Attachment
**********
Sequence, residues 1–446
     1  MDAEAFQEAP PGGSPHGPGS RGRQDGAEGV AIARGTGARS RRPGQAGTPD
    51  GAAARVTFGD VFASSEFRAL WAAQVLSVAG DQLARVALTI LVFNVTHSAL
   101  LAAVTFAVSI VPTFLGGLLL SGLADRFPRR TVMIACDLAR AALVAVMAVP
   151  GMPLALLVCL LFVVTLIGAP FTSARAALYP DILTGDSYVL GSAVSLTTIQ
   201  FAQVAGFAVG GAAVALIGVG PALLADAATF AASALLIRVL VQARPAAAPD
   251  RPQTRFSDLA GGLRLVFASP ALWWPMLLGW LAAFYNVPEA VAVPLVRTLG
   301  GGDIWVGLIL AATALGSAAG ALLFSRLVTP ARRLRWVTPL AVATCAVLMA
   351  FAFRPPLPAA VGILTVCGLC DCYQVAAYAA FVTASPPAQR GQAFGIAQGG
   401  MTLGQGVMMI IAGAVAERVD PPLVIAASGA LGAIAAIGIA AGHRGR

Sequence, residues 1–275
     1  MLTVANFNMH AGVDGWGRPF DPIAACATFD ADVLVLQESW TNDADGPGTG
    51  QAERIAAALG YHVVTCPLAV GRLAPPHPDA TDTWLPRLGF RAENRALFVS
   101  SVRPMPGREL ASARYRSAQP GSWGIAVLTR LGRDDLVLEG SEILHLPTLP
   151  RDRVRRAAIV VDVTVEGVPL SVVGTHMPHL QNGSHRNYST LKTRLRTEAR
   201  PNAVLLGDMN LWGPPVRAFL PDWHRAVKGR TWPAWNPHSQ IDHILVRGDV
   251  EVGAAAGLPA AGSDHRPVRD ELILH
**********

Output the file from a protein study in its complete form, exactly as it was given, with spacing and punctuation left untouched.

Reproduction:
Sequence, residues 1–446
     1  MDAEAFQEAP PGGSPHGPGS RGRQDGAEGV AIARGTGARS RRPGQAGTPD
    51  GAAARVTFGD VFASSEFRAL WAAQVLSVAG DQLARVALTI LVFNVTHSAL
   101  LAAVTFAVSI VPTFLGGLLL SGLADRFPRR TVMIACDLAR AALVAVMAVP
   151  GMPLALLVCL LFVVTLIGAP FTSARAALYP DILTGDSYVL GSAVSLTTIQ
   201  FAQVAGFAVG GAAVALIGVG PALLADAATF AASALLIRVL VQARPAAAPD
   251  RPQTRFSDLA GGLRLVFASP ALWWPMLLGW LAAFYNVPEA VAVPLVRTLG
   301  GGDIWVGLIL AATALGSAAG ALLFSRLVTP ARRLRWVTPL AVATCAVLMA
   351  FAFRPPLPAA VGILTVCGLC DCYQVAAYAA FVTASPPAQR GQAFGIAQGG
   401  MTLGQGVMMI IAGAVAERVD PPLVIAASGA LGAIAAIGIA AGHRGR

Sequence, residues 1–275
     1  MLTVANFNMH AGVDGWGRPF DPIAACATFD ADVLVLQESW TNDADGPGTG
    51  QAERIAAALG YHVVTCPLAV GRLAPPHPDA TDTWLPRLGF RAENRALFVS
   101  SVRPMPGREL ASARYRSAQP GSWGIAVLTR LGRDDLVLEG SEILHLPTLP
   151  RDRVRRAAIV VDVTVEGVPL SVVGTHMPHL QNGSHRNYST LKTRLRTEAR
   201  PNAVLLGDMN LWGPPVRAFL PDWHRAVKGR TWPAWNPHSQ IDHILVRGDV
   251  EVGAAAGLPA AGSDHRPVRD ELILH